Low seroprevalence of HIV and syphilis in pregnant women in refugee camps on the Thai-Burma border.
Plewes K., Lee T., Kajeechewa L., Thwin MM., Lee SJ., Carrara VI., Nosten F., McGready R.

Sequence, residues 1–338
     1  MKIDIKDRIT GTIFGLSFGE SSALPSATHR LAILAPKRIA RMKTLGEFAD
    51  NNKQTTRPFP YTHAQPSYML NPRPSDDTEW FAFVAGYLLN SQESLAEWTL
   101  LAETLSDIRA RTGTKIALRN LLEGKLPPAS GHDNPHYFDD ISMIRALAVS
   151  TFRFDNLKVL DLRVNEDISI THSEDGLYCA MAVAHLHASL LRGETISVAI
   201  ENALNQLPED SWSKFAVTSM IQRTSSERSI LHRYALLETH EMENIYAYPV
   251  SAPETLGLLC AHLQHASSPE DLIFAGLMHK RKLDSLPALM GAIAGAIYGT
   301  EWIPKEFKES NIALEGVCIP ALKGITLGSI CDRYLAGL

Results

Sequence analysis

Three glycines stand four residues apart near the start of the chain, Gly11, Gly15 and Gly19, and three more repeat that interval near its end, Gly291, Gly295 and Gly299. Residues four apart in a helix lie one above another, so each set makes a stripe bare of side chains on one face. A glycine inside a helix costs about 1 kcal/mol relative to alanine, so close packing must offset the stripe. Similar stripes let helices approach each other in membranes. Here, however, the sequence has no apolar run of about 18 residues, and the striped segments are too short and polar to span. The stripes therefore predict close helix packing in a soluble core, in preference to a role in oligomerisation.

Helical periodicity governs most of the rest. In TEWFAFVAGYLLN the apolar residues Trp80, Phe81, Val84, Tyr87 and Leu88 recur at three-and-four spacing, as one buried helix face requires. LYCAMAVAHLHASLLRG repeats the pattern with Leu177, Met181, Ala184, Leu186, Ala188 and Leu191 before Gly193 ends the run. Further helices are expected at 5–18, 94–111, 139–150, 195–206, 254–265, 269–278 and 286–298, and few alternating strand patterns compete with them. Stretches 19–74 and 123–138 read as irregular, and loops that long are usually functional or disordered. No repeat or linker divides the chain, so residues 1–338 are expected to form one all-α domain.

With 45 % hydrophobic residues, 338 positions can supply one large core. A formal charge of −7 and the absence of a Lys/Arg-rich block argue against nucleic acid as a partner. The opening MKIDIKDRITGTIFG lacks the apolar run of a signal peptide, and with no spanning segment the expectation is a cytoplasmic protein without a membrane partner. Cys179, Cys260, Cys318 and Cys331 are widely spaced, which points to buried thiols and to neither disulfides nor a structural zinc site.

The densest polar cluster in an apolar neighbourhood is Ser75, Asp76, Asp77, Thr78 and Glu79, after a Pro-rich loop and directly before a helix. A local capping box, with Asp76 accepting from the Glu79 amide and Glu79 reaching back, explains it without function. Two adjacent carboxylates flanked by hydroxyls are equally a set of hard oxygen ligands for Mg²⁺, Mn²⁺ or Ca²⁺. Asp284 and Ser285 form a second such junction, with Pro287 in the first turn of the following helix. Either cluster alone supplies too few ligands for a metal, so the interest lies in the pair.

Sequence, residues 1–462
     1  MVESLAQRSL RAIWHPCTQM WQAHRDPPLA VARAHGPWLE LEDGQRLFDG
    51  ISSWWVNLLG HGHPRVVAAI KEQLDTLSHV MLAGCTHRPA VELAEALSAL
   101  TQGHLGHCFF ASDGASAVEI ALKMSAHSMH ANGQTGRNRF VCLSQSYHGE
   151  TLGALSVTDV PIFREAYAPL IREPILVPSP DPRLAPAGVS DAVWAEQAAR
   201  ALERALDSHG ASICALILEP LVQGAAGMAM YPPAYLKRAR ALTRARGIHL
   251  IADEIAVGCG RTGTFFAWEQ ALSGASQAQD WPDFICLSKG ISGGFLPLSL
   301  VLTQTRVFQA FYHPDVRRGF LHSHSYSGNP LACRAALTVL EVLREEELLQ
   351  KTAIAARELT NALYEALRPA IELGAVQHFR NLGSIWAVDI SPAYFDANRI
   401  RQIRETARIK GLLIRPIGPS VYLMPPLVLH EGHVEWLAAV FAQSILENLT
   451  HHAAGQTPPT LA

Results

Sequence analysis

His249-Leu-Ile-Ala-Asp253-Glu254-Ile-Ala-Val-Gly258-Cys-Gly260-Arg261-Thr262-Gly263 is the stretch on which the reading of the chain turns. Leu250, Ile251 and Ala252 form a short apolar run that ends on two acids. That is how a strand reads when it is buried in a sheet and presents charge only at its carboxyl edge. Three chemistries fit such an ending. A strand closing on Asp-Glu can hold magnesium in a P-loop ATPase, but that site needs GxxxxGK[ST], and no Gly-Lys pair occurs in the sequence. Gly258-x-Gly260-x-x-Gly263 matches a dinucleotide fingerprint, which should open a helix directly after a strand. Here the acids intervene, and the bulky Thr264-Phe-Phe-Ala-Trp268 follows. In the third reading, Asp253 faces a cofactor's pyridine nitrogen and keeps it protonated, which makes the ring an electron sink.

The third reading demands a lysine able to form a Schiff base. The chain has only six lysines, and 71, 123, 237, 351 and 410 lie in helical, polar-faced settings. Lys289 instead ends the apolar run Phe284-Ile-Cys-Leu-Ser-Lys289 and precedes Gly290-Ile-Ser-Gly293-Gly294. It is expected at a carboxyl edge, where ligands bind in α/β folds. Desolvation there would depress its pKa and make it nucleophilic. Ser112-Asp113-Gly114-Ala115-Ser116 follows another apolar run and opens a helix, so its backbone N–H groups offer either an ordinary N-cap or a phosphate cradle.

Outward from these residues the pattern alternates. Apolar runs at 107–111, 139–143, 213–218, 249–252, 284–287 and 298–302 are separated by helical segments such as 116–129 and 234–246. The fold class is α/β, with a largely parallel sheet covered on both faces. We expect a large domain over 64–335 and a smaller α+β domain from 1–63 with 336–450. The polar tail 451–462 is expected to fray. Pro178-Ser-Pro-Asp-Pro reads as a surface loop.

SUMMARY: Refugee and migrant populations are considered to be at high risk from sexually transmitted infection (STI) and HIV. Cross-sectional surveys for syphilis and HIV were conducted in antenatal clinics (ANCs) on the Thai-Burmese border. In Mae La refugee camp, the seroprevalence of HIV and syphilis were 0.2% (one of 500) (95% CI 0-1.1) and 0% (0 of 404) (95% CI 0-0.9) in 1997; and 0.4% (two of 500) (95% CI 0.1-1.4) and 0.4% (three of 741) (95% CI 0.1-1.2) in 2005, respectively; syphilis seroprevalence in migrant women in 2005 was 0 (0 of 234) (95% CI 0-1.6). The seroprevalence was lower than that reported from surrounding ANCs for Thai or Burmese women. Focus group discussions with HIV-negative and -positive pregnant refugee women established that aspects of Karen culture and isolation (geographical and political) had a significant protective role from HIV and STI. This survey has resulted in programmatic changes in services to pregnant women in this area.